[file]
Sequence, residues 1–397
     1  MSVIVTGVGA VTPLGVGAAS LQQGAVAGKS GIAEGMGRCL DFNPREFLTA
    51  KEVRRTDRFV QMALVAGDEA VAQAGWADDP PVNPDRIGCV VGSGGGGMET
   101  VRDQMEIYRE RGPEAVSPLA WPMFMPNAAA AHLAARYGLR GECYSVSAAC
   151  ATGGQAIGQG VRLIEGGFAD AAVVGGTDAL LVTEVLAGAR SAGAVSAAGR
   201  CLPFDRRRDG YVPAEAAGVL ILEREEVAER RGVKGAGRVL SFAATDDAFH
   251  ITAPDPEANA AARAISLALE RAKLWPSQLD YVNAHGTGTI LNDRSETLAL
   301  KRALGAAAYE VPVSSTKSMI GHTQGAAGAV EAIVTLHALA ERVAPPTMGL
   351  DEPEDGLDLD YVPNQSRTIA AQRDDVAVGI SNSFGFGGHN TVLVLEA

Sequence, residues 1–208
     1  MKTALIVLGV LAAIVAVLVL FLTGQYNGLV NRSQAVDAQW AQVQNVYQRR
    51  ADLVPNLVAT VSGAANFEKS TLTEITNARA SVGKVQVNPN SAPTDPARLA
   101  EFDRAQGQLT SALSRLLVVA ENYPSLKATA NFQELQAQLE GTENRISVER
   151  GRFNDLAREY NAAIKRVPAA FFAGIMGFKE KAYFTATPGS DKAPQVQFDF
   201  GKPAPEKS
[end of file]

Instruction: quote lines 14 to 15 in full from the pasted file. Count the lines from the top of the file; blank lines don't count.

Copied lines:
   151  GRFNDLAREY NAAIKRVPAA FFAGIMGFKE KAYFTATPGS DKAPQVQFDF
   201  GKPAPEKS